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Minnesota Workers’ Compensation Guide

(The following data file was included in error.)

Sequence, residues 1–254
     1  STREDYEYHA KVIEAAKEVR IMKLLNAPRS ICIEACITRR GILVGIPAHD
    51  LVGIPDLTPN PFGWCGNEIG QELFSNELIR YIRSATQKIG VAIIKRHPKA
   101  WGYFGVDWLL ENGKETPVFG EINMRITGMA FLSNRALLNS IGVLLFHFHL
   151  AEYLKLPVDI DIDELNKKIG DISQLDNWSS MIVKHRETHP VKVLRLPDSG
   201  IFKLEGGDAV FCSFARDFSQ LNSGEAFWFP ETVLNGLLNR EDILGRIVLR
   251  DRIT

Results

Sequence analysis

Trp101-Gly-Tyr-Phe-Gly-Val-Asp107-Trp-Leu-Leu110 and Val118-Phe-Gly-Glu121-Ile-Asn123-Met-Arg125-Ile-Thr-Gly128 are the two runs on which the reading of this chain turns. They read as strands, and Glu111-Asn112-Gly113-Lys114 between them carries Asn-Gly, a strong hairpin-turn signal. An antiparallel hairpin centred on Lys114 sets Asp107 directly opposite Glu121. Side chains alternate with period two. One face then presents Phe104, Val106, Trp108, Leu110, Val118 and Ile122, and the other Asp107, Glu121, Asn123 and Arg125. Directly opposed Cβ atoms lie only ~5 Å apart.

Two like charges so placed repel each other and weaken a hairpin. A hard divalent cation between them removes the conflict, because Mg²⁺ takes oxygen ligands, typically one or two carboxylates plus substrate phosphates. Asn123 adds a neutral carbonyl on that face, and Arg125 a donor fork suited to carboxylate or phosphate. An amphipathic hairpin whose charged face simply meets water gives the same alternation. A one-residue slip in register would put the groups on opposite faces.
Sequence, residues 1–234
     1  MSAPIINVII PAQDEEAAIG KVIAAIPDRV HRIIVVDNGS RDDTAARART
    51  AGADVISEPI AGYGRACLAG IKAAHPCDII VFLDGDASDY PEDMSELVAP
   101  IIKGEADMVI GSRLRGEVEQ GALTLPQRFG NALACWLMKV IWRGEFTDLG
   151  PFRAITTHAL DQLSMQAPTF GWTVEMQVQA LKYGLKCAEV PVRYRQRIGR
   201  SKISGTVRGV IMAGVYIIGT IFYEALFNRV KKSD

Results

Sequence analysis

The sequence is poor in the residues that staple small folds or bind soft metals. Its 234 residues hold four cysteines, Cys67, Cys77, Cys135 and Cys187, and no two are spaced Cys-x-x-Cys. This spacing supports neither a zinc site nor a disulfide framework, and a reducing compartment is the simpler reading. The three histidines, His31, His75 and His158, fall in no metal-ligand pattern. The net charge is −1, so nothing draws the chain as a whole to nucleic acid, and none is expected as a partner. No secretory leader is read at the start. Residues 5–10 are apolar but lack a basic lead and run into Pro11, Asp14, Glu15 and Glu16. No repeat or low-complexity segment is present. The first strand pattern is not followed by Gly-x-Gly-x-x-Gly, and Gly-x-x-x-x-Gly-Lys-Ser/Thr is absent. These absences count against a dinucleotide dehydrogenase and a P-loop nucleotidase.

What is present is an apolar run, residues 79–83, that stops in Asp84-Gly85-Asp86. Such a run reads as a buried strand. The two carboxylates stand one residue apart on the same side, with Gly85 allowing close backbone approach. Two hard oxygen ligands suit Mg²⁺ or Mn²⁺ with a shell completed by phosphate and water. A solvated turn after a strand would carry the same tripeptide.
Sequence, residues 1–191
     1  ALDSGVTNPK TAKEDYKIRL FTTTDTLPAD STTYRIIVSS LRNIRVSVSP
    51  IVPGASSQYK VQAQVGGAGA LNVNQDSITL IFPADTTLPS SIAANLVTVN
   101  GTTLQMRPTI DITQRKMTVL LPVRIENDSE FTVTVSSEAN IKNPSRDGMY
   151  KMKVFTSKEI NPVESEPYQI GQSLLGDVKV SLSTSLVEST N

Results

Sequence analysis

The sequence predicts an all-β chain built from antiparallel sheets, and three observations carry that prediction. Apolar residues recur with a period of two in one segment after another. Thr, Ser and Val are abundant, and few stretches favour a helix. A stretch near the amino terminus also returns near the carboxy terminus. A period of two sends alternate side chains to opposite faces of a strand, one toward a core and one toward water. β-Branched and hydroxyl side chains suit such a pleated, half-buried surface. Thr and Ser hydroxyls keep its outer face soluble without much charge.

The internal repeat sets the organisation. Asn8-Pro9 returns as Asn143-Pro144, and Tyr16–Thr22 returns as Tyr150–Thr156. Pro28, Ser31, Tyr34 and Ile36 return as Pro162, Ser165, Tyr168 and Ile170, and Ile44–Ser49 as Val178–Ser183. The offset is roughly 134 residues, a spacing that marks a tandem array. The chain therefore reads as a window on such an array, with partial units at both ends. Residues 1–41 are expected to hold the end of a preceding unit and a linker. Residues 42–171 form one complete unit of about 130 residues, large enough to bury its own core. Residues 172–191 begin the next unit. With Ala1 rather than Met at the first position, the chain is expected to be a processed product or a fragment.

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Workers’ Compensation Lawyers Assisting Clients in Minnesota If you are injured on the job in Minnesota and cannot return to work due to the severity of your injury, you may be eligible to file a claim for Minnesota workers’ compensation. Under Minnesota law, most workers who sustain serious injuries or illnesses in the course of their employment are eligible to seek Minnesota work comp benefits. However, there are some exceptions to the rule, and there are very specific guidelines that govern when and how an injured worker must file a claim. Filing a workers’ comp MN claim can be extremely complicated, and there are various reasons that your claim can be denied. With the help of a workers’ compensation MN attorney, you can ensure that you take all necessary steps in the initial process of filing your claim. If you have already filed a claim and are facing a denial of benefits, one of the dedicated attorneys at our firm can assist with your appeal. Do not hesitate to get in touch or call (651) 222-6603 to speak with the experienced Minnesota workers’ compensation lawyers at Arechigo & Stokka to learn more about how we can assist with your case. [DOWNLOAD] Minnesota Workers’ Compensation Free Guide What is Workers’ Compensation in Minnesota? Workers’ compensation insurance is a type of insurance that most employers in Minnesota are required to carry, and it can provide coverage to employees who sustain illnesses or injuries on the job. When an employee gets hurt at work or as a result of his or her employment, that employee can file a workers’ compensation claim in order to seek benefits. Typically, workers’ compensation coverage can compensate an injured employee for a portion of his or her lost wages, as well as medical coverage for the injuries, suffered on the job. Injuries must be work-related injuries, or arise out of the course of employment, in order to be eligible for coverage. The Minnesota Department of Labor and Industry (MDLI) defines a work-related injury as “any condition that is caused, aggravated, or accelerated by employment activities.” Traumatic injuries, gradual injuries, and occupational diseases all may be covered by workers’ comp. For example, an injury that happens on a job site typically will be covered. If a worker drives a vehicle as part of his or her job duties, then injuries sustained in a traffic crash also may arise out of the worker’s job and may be covered by workers’ comp. However, injuries sustained in a crash on the way to work will not be eligible for workers’ comp MN coverage. MINNESOTA WORKERS’ COMPENSATION REQUIREMENTS FAQ Mandatory Coverage: Who is Eligible for Workers’ Compensation Benefits in Minnesota? Generally speaking, most employers in Minnesota are required to have workers’ compensation insurance. To be clear, Minnesota has what is known as mandatory coverage when it comes to workers’ comp. As such, most employers who hire other people to perform services are required to buy workers’ compensation coverage or self-insurance. Even employers who only hire minors or non-citizens are required to have workers’ compensation coverage under the mandatory coverage provisions. In some cases, even volunteers are covered by workers’ comp. However, there are some exceptions. While these exceptions are limited mostly to certain small business situations, the following are some examples of employers who may be exempt from purchasing workers’ compensation insurance under Minnesota law: Sole proprietors: If a person is a sole proprietor of a business, that small business owner is not required to have workers’ compensation coverage for herself or for close family members working in the business (such as children, a spouse, or parents). However, it is important to be clear that a sole proprietor is required to have workers’ compensation coverage for other employees. Partnerships: Businesses that are structured as partnerships, similar to sole proprietorships, tend to be exempt from coverage for the partners and for close relatives of the partners who are employees of the business. Executive officers in closely held corporations: In some closely held corporations, an executive officer is exempt from workers’ compensation coverage. However, numerous requirements must be met in order for the executive officer to be exempt. Managers in LLCs: Managers of limited liability companies (LLCs) are, in some situations, exempt from mandatory coverage for workers’ compensation. Other parties may be exempt, and it is important to confirm with an experienced workers’ comp MN lawyer whether coverage is mandatory. Just because a person is exempt does not mean that the person cannot elect to provide workers’ compensation coverage. If an employer is exempt but elects to provide coverage, then any employees who are covered can be eligible to file a claim. Types of Disability Benefits Provided By Workers’ Compensation Workers’ compensation benefits tend to provide compensation for four different types of disability benefits: Temporary Total Disability Your injury prevents you from returning to work in any capacity, but you are expected to recover (at least in part) from your injury. Temporary total disability benefits, or TTD benefits, pay two-thirds of an employee’s average weekly wage with a maximum of the 2019 statewide average weekly wage (SAWW) of $1,112.00. Typically, TTD benefits are paid for a maximum of 130 weeks. In some cases where an employee is in a vocational rehabilitation program, TTD benefits can be extended. Temporary Partial Disability Your injury prevents you from returning to work in your full capacity, yet you are able to return to work in a part-time or modified capacity. You are also expected to recover from your injuries. Compensation is two-thirds of the difference between your earnings if you were at full capacity and your modified earnings. TPD benefits typically are available for a maximum of 225 weeks. Permanent Partial Disability Permanent partial disability (PPD) benefits are designed for injured workers who suffer a permanent disability, but your disability does not prevent you from working entirely. For example, most permanent partial disability benefits involve the loss of function of part of the body. The amount of PPD benefits...